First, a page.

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    any thing different than original control arm geometry will definately effect suspension travel---------

    Yes there has been some installs where the stuff is reversed side to side on vehicle to effect some slight change-----( it was fairly common to reverse sides with spindles on solid beam axles so steering rods could be moved to front of axle for more oil pan clearance, etc,etc---------however , solid beam axle and independant fronts are 2 entirely different beasts---------

    If you want to do this in your garage, outside under shade tree or where ever it might not be perfectly flat-------park your car where it is setting with the stance you want-measure the shock length, make up some rods/tubes/wharever that length and install to hold the suspension at that height-because as you cut and move stuff the suspension heigth/travel will change and mess up yoir project--------Then/now--jack up the car, using 3 points (triangulated) to support the rear part of the car from firewall area back--------under the front construct some type of support structure that will solidly hold it and also be movable so you can cut the frame rails and move forward that 1 3/4 inches------put plenty of referance marks and measurements from several traangulated locations and using several taken from same 2 marks to different 3rd mark record them -------abC, abD abE, abF and bcA, bcD, bcE, bcF etc

    If you want to ( I do this lots) used several locations in your shop where you can set a lazor level and record on frame where line and/or mark is) You can easily make these from bags of quick set cement and bottom halfs of plastic buckets with a piece of alum or steel plate as a surface for the lazor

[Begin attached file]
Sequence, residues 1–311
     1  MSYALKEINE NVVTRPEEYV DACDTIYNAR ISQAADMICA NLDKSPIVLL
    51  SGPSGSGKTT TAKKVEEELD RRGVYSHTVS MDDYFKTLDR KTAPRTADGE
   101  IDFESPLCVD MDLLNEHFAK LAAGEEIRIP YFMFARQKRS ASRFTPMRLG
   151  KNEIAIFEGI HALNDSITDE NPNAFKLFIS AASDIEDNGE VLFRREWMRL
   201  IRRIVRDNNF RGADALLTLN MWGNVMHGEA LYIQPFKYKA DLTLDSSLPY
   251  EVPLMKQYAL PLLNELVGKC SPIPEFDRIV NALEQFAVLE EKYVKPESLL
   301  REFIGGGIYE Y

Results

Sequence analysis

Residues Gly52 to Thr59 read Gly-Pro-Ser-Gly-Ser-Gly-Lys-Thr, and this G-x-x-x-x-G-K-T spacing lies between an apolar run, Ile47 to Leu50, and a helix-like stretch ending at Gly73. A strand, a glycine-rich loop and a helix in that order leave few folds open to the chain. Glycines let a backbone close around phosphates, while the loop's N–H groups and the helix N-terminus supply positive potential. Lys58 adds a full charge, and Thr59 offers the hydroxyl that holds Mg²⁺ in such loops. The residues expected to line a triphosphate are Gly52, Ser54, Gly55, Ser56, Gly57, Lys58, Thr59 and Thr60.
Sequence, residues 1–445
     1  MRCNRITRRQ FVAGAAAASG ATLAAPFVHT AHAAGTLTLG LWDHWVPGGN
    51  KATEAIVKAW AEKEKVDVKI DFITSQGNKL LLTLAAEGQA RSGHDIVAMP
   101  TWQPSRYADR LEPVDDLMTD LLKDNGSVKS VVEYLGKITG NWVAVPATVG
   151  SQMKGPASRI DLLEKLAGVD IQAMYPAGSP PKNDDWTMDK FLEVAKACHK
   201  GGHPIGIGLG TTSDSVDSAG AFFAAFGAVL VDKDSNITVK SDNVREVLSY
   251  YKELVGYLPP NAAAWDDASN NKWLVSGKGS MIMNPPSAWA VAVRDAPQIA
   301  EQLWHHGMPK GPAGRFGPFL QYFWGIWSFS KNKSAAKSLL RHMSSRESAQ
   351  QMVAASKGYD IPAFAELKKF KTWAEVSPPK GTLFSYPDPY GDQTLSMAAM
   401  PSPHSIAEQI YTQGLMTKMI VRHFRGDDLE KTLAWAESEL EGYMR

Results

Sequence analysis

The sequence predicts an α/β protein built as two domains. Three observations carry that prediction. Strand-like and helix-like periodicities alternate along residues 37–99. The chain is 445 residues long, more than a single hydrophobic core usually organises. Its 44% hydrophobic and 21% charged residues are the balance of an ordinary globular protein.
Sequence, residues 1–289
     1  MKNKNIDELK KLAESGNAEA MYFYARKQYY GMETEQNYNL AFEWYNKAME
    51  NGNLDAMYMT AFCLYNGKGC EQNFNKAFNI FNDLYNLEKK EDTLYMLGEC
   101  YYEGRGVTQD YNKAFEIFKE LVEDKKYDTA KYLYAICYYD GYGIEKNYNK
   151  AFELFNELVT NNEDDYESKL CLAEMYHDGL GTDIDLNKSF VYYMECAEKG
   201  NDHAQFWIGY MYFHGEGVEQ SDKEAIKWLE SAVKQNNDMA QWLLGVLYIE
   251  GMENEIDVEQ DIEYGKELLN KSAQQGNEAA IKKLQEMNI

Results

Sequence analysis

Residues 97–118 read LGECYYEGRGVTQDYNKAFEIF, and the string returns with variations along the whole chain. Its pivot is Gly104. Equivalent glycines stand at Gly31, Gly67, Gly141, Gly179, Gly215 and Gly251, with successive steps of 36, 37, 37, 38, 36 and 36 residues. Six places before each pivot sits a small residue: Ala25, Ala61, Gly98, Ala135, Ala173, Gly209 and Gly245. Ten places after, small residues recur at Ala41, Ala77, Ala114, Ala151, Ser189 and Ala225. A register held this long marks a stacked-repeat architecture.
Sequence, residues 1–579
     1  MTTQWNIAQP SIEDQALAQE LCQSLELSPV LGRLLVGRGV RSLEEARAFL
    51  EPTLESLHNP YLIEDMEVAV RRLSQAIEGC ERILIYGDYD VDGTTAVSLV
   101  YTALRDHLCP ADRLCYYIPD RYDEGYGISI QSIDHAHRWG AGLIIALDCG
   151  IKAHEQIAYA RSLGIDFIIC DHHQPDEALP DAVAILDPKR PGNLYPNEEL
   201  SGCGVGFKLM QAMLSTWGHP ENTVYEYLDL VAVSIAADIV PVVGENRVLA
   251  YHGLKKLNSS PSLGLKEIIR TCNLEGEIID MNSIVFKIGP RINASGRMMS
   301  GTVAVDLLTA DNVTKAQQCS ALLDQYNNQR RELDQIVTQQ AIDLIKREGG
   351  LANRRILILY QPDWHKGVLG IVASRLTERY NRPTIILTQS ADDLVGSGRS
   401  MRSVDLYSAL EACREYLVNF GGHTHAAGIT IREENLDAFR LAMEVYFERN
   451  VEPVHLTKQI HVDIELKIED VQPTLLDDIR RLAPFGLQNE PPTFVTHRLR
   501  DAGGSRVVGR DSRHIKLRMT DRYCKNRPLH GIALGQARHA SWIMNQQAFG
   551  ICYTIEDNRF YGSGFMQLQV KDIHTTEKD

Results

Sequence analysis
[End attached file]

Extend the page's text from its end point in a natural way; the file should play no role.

10. #10
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    Quote Originally Posted by 39 Chevy View Post
    I have seen and read articles where some people have moved the wheels forward with offset upper & lower control arms. Is there a down side to moving the wheels this way?
    Not sure how you would do this without re-engineering the entire clip. I would just move the clip forward on the frame and be done with it.
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    did they cut and butt it or lay the clip under the frame ?

  12. #12
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    I had to move a clip on a guys car before but it was the cut and butt installation. Here are some pics of what I did.

    Here was the issue with who ever done the original clip.


    Here's a close up pic of how it was tied it together may give you some ideas. I cut the cut lose and removed enough metal to make it center and butted it again. The area final weld it was boxed on both sides and the diamond shaped plates reinforced over the vertical welded area. I don't believe in leaving vertical welds with no reinforcement. It could be over kill but its safer at least in my head.lol Its just one of those things I do and other may not agree.



    After
    Last edited by BAM55; 09-13-2017 at 12:31 PM.
    My Chevy Truck Project

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    Quote Originally Posted by techinspector1 View Post
    Not sure how you would do this without re-engineering the entire clip. I would just move the clip forward on the frame and be done with it.
    .
    I am saying cut the clip whole, then move it forward, but... you must have lots of places to measure and ensure as much as you can that it stays square with the frame. Same as Jerry says.

  14. #14
    shine's Avatar
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    the only places the same on a camro clip are the aframe mounts and shock mounting hole. the 2 frame rails are only close side to side. this is the reason i use the entire clip. the rear rails are the same and set the geometry right. i do use off set a arms because of the rake. otherwise it is a bear to align .
    i would find a new clip to use the rails from.

  15. #15
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    most of my concern was verifying that it was good to begin with---------